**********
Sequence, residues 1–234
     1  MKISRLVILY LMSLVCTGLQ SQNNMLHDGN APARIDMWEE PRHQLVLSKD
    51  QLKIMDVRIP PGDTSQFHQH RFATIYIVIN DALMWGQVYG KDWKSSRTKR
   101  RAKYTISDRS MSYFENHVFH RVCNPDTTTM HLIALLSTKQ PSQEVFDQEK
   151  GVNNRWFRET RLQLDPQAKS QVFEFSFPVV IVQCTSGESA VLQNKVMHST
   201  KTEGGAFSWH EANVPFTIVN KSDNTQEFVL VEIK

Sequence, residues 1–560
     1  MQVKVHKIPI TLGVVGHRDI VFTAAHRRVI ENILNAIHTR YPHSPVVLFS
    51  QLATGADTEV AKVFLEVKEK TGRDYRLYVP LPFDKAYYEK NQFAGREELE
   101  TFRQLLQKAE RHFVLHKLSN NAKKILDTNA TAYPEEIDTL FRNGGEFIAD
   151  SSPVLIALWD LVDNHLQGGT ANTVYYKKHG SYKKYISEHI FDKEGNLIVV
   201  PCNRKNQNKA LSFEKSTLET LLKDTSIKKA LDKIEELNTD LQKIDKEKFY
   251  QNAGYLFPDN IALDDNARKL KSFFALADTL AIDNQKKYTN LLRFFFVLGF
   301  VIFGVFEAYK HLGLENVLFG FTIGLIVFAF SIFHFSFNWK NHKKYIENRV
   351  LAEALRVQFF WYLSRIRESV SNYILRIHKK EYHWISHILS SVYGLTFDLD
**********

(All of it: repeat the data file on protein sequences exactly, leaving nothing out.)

Sequence, residues 1–234
     1  MKISRLVILY LMSLVCTGLQ SQNNMLHDGN APARIDMWEE PRHQLVLSKD
    51  QLKIMDVRIP PGDTSQFHQH RFATIYIVIN DALMWGQVYG KDWKSSRTKR
   101  RAKYTISDRS MSYFENHVFH RVCNPDTTTM HLIALLSTKQ PSQEVFDQEK
   151  GVNNRWFRET RLQLDPQAKS QVFEFSFPVV IVQCTSGESA VLQNKVMHST
   201  KTEGGAFSWH EANVPFTIVN KSDNTQEFVL VEIK

Sequence, residues 1–560
     1  MQVKVHKIPI TLGVVGHRDI VFTAAHRRVI ENILNAIHTR YPHSPVVLFS
    51  QLATGADTEV AKVFLEVKEK TGRDYRLYVP LPFDKAYYEK NQFAGREELE
   101  TFRQLLQKAE RHFVLHKLSN NAKKILDTNA TAYPEEIDTL FRNGGEFIAD
   151  SSPVLIALWD LVDNHLQGGT ANTVYYKKHG SYKKYISEHI FDKEGNLIVV
   201  PCNRKNQNKA LSFEKSTLET LLKDTSIKKA LDKIEELNTD LQKIDKEKFY
   251  QNAGYLFPDN IALDDNARKL KSFFALADTL AIDNQKKYTN LLRFFFVLGF
   301  VIFGVFEAYK HLGLENVLFG FTIGLIVFAF SIFHFSFNWK NHKKYIENRV
   351  LAEALRVQFF WYLSRIRESV SNYILRIHKK EYHWISHILS SVYGLTFDLD